Millions for the Military
Germany is expanding its support for the war in Mali with around US $20 million worth of new commitments, destined for the African intervention force, AFISMA, and the Malian military, according to the German foreign ministry. This support will include a field hospital, trucks, and bulletproof vests. The German government also pledged to send a third Transall transport aircraft to Mali. Two Transall aircraft have already been deployed in the country, but, according to reports, are only of limited use due to technical defects. The third Transall should ensure two aircraft reliably operating simultaneously. The foreign ministry also points out that since the crisis in Mali began, Berlin has provided more than 13.5 million Euros in humanitarian aid. However, the German contribution cannot hide the fact that - as in the war in Libya - the UK has been cooperating much more closely with France than Germany has: London intends to dispatch more than 300 soldiers to Mali. From the perspective of alliance policy, this is important because Paris and London had entered a closer military cooperation in late 2010 to become more independent of German predominance in their military policy. (german-foreign-policy.com reported.)
Desert War Experts
Western countries and Berlin's close allies have played a significant role in creating the conditions that have enabled Islamist militias to take control of northern Mali. The current military operation with Germany's participation is directed now against this same militia. As is widely known, in late 2011, thousands of Tuareg soldiers, who had served in the Libyan armed forces, fled to Mali during the Libyan war with stockpiles of arms, where they launched a rebellion. Less well known however, is the fact that the Tuareg rebellion was supported by members of the military - by soldiers who had defected from the Malian armed forces. They were, for the most part, members of special units, which for several years were being trained and armed for counterterrorism in the Sahel and Sahara by the US military. US strategists chose particularly soldiers with experience in the Sahara - the Tuareg fighters - for desert war units. Three of the four Malian elite units immediately changed sides and taking their arsenals, joined the insurgents. The remnants of the Malian military had no chance against them.
The Islamist militias, who are now being repelled by the French army, have, themselves, received considerable support from Berlin's cooperation partners, including Qatar. Since the 1980s, according to observers, this small wealthy Emirate, predominated - like Saudi Arabia - by Wahhabism, the most reactionary form of Islam, has been operating various "religious schools and charities in Mali." Following the occupation of northern Mali by Islamist militias, Qatar intensified its support. The Emirate organized aid shipments, officially destined for occupied towns like Gao, but which, in fact, served to cushion the occupation and legitimize the new Islamist rulers. According to French intelligence sources, it is being widely speculated about whether the militia has been receiving additional material support. The fact is, Qatar had supported the Islamist militia in Libya and still is today in Syria. Doha is also providing political support to the northern Malian Islamists. Qatar's Prime Minster has criticized the French military intervention, saying that violence cannot "solve the problem." This man, a member of the dictatorial clan is expected to attend the Munich Security Conference this weekend.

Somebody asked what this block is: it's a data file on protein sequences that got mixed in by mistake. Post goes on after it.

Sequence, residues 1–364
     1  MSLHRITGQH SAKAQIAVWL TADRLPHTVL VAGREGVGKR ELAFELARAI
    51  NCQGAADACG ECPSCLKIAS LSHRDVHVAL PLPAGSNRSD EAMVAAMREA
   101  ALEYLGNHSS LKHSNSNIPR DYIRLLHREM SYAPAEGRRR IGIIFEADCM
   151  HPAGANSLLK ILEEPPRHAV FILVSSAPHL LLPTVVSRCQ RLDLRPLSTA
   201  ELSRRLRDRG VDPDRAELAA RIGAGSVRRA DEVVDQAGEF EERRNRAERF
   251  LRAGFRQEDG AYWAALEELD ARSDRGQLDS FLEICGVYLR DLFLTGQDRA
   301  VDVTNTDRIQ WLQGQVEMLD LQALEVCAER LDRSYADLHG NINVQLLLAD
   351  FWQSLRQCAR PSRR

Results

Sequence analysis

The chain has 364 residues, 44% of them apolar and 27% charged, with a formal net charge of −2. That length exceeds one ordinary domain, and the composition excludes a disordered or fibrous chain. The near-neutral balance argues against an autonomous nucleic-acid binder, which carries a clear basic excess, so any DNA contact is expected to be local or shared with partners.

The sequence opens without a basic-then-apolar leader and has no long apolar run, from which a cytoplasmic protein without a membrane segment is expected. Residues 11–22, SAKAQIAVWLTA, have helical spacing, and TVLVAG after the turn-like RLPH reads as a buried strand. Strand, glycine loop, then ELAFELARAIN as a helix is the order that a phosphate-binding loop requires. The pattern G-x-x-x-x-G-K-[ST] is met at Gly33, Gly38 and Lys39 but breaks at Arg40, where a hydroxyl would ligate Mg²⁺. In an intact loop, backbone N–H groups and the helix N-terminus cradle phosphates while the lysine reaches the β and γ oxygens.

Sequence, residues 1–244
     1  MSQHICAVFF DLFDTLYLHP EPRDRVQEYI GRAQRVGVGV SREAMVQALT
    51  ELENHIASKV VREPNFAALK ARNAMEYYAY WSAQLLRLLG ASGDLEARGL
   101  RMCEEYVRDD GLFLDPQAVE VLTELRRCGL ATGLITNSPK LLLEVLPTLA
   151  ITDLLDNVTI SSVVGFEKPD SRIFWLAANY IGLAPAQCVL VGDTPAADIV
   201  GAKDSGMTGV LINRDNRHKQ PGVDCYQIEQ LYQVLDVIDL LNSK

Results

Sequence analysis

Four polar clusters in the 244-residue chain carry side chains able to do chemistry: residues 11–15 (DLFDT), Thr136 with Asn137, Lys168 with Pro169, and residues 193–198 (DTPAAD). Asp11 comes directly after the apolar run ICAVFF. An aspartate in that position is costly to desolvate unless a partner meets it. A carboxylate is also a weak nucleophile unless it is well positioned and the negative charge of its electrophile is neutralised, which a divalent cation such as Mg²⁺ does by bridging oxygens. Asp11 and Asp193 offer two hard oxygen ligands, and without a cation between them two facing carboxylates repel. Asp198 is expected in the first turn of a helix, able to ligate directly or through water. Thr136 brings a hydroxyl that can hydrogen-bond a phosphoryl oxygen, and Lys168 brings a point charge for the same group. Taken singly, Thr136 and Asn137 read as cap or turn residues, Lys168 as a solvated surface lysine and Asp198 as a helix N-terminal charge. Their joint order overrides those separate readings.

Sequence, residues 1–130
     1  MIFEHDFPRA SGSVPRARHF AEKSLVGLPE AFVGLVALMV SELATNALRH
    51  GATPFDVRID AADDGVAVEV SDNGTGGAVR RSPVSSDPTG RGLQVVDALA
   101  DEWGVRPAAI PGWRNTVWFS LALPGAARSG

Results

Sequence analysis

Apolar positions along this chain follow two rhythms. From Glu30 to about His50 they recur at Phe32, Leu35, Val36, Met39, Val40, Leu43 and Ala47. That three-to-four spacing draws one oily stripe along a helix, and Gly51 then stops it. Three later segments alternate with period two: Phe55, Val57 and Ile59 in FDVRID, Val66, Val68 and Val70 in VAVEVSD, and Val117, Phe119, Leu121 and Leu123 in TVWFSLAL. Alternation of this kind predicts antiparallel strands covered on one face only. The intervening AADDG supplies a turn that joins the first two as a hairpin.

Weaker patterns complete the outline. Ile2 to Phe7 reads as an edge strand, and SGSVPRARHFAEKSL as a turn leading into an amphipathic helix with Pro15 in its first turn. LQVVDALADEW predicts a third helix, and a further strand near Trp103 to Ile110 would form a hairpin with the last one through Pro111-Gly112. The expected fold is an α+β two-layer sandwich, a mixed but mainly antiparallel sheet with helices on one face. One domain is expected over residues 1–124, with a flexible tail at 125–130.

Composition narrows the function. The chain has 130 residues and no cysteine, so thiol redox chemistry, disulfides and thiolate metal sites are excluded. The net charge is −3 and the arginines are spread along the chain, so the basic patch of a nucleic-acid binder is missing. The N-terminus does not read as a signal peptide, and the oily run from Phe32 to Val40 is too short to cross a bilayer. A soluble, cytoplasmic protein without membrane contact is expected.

Did not Spring up Overnight
A second cooperation partner of Berlin, Saudi Arabia, has also been intervening with support in northern Mali. The kingdom - like Qatar - has been active in Mali for years. According to reports, hundreds of Koran students from this West African country have been annually invited to continue their studies in Saudi Arabia. Islamism, originally hardly known to northern Mali, did not spring up in the country overnight," reports a correspondent. Over the past ten years, "countless mosques" have been built in the Sahel, "where children and youth are being shown 'the right path' by foreign imams." Since last year, Saudi Arabia has begun to support the Islamist militias in northern Mali - rivalling Qatar. This has also been in the form of aid shipments, according to reports. Observers point out that power struggles between local partisans of these two cooperation partners of Berlin, were officially the spark that ignited French intervention. According to this version, a pro-Qatar and a pro-Saudi militia got in each other's way. One of the two decided to withdraw from embattled Timbuktu to conquer its own realm - the town of Konna. Paris took this attack on Konna as its cue for sending troops to Mali.
In Syria and Mali
Qatar and Saudi Arabia have been cooperating for a long time with the West - including with the Federal Republic of Germany - which over the past few years has significantly intensified its cooperation. This cooperation surpasses the merely economic domain. German companies have business deals worth billions with the dictatorships on the Arabian Peninsular, while billions from Persian Gulf sovereign wealth funds are simultaneously being invested in German companies. This cooperation extends also to the military level. German weaponsmiths are equipping the Gulf dictatorships with weaponry of every kind, the Bundeswehr is carrying out joint training with soldiers from the Emirates and the monarchies at the Persian Gulf. Qatar, as has been officially confirmed by Doha, had contributed several hundred soldiers to the Libyan war. Qatar and Saudi Arabia are the main supporters of the insurgent militias in Syria, for whose victory, Berlin is also campaigning. Both countries support mainly Islamist militias - just as in Mali.